The Mayor and The Rooster were walking in the back door to our house after school today when suddenly The Mayor started screaming.
There are screams that you are ignore and then there are the ones that turn your blood cold and make you run.
He held his hand up next to his injured ear without actually touching it. Tears streamed down his face and he wailed and wailed.
"What happened?" I asked him.
"She hit my ear with her whole head and it hurts."The Rooster, irritated with her brother about something trivial like who got in the back door first, head-butted her brother in the ear with the stitches.
I sent her to her room and tended to The Mayor.
After a little ice, a lot of TLC and a distracting suggestion that we look in the closet to see if we owned any Junie B. Jones books, The Mayor calmed down.
Once he was calmed, I went in and had one of those stern talks with The Rooster.
She typically shrugs off time-outs and plays happily in her Area of Banishment.
I showed her The Mayor's stitches, gave her a pretty detailed description of his surgery and made sure she was clear that she was to never to touch his ear again.
"I'm sorry, Mayor," she said.But The Mayor seemed pretty shaken up.
He's been really good about following directions related to taking care of his ear and so have his classmates.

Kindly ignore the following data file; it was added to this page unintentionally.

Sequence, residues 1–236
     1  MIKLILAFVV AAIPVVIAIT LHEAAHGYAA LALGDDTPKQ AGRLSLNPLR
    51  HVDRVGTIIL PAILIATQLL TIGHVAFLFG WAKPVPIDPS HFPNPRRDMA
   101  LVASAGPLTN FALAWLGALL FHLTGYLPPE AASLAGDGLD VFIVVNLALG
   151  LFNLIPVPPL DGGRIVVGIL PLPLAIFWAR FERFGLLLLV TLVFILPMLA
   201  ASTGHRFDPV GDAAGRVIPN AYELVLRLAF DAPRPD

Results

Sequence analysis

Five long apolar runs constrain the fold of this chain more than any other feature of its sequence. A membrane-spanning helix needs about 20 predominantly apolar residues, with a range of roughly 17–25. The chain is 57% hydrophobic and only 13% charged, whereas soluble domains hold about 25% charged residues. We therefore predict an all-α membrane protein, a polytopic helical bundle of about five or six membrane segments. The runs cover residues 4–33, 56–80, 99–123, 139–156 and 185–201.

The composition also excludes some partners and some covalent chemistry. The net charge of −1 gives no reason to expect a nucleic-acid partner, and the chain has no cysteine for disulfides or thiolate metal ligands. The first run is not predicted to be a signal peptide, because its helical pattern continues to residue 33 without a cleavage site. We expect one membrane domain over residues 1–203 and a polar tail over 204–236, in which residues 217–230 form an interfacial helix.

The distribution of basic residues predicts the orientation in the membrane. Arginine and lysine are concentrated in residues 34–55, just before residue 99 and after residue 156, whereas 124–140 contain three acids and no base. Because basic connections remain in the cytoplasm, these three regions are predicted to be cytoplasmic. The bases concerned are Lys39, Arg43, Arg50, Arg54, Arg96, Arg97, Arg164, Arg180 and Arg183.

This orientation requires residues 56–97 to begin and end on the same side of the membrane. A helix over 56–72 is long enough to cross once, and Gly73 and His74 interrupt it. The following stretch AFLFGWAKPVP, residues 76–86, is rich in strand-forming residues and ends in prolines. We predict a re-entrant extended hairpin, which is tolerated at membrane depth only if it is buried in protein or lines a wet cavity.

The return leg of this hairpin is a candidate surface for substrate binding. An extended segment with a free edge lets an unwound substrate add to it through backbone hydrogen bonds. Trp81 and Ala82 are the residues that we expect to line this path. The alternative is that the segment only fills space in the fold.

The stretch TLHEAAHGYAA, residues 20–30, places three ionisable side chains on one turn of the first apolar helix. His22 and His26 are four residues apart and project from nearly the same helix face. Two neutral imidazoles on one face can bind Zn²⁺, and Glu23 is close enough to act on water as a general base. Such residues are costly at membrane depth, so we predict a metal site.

At his pre-school, there is a job chart and the children take turns doing things like serving as Line Leader and Door Holder.
To help the class remember to watch out for The Mayor's ear, there's a new job on the chart called "Checker on The Mayor" and each day a different classmate takes a turn keeping an eye on his safety.
[I am indebted to his teacher, she is brilliant.]
After all the time and attention spent on protecting his ear, getting walloped by his sister really threw him.
I'm not sure if it really hurt as much as it scared him.
At any rate, he retreated to my office to read a book by himself.
After apologizing, The Rooster tried hard to get back in his good graces, but he really needed a few moments to himself.
She came to find me with her lip trembling.
Then her tears spilled over and she began to sob.
"What is it, Roo?" I asked.
"I... I... I feel sorry!" she sobbed. "I feel really sorry."We sat together in her favorite rocking chair and, more softly this time, talked it over again.
It was my daughter's first taste of regret.
"The good thing about regrets," I told her, "is that they help you to remember not to make the same mistakes another time."Still, it took a long time to rock The Rooster back down to this planet.
[And by this time I was an hour late starting dinner, K was still not home, my blood sugar had fallen (and could not get up) and The House of Joy had to forsake real nutrition and eat soup from a can because I can only do so much. So there.]